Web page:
Above and right: Mako shark snout showing pores leading to the ampullae of Lorenzini
There are hundreds of species of sharks in the world’s oceans and new species are being found month by month, with scientists from the CSIRO at Hobart at the forefront of these discoveries. Curiously, these many different species of predators manage to live side by side without competing for food. This is because each species has a unique set of teeth so they catch different prey in different ways.

Shark teeth are also embedded in cartilage (there is no bone) and work their way to the front of the mouth like they're on a conveyor belt.

 
Sharks keep replacing their teeth throughout their lives. It is only the front row of teeth that is functional, the other rows originally being soft and hollow teeth, strengthening as they slowly move forward. These teeth are therefore in reserve when needed, such as if a shark loses a tooth when biting into something that is too hard.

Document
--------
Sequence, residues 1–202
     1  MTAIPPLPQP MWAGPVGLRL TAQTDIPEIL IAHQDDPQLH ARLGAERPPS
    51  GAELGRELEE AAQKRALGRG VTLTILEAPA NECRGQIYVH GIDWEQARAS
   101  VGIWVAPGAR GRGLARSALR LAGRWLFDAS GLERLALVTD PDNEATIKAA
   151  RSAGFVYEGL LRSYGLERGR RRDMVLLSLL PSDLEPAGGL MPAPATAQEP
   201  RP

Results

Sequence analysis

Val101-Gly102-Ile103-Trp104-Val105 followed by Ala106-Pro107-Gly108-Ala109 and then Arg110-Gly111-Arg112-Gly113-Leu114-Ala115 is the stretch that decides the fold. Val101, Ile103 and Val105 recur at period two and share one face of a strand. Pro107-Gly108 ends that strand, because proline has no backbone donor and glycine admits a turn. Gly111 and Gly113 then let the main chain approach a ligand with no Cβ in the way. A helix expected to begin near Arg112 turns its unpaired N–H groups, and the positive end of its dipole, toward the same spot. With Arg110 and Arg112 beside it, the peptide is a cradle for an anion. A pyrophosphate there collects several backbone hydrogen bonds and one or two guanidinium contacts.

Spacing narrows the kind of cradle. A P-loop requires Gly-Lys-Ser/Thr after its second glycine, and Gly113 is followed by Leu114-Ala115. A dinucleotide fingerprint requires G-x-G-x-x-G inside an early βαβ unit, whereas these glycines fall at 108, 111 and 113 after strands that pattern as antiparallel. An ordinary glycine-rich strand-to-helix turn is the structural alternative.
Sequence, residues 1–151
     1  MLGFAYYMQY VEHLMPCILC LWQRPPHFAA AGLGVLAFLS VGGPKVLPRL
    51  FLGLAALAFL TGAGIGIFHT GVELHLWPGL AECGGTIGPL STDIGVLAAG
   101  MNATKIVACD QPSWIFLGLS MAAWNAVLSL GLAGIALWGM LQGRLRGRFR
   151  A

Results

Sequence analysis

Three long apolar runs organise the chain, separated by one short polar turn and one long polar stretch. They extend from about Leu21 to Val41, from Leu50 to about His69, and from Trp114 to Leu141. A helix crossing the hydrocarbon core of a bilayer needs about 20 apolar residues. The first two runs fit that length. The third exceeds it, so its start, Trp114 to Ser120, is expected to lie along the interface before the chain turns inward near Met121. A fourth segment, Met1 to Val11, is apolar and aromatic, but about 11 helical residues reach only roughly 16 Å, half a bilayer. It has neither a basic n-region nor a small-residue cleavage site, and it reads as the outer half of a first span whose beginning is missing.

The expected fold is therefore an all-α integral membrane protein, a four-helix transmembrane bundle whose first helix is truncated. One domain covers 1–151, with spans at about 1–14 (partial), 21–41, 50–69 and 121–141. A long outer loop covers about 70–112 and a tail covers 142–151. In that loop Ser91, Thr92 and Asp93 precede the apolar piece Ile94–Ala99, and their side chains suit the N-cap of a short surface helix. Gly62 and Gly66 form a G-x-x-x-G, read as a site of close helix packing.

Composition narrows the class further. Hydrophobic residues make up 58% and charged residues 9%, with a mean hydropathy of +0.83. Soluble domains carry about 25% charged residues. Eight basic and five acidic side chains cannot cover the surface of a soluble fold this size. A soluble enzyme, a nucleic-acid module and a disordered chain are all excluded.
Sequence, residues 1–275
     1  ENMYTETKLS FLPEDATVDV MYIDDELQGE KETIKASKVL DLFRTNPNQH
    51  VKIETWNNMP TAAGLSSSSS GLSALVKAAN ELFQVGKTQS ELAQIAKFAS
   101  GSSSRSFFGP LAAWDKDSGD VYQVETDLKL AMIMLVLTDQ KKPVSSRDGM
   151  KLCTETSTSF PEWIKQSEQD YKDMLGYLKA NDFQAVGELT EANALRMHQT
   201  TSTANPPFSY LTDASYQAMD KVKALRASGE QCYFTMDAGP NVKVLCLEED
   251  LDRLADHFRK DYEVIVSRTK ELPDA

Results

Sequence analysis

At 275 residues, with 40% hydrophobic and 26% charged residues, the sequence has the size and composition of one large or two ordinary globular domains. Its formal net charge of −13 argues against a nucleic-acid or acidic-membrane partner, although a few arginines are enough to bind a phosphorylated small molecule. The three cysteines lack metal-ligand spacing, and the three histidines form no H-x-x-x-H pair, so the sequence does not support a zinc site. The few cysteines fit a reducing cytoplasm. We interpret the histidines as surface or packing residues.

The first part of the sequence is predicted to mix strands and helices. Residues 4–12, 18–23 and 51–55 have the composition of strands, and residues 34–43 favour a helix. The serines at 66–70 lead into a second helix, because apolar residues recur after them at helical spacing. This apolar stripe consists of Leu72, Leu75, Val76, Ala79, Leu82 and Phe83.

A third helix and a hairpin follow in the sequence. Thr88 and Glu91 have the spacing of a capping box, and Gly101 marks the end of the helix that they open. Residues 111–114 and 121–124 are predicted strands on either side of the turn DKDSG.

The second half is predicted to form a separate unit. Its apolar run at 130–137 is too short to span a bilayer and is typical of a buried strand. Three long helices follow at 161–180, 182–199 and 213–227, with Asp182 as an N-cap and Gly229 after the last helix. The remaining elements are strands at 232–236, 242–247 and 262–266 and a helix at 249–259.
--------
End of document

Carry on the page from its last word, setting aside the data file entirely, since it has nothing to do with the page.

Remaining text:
There are a few myths that have been historically attributed to sharks. Shark fin soup gained a reputation as having an aphrodisiac and, while extremely difficult to obtain, was only served by the very wealthy in Far East Asia. Nowadays it is less expensive but the myth is still believed, even though the shark’s fin itself is relatively tasteless, contributing to the gelatinous structure of the soup. Another myth, this time in the USA, was that pills made from shark cartilage kept cancer at bay if taken daily. Such was the demand that the shark population of Costa Rica was wiped out. Indeed, the preservation of sharks is still their greatest need.

Images from Vic Peddemors
Text: V.B. April 2010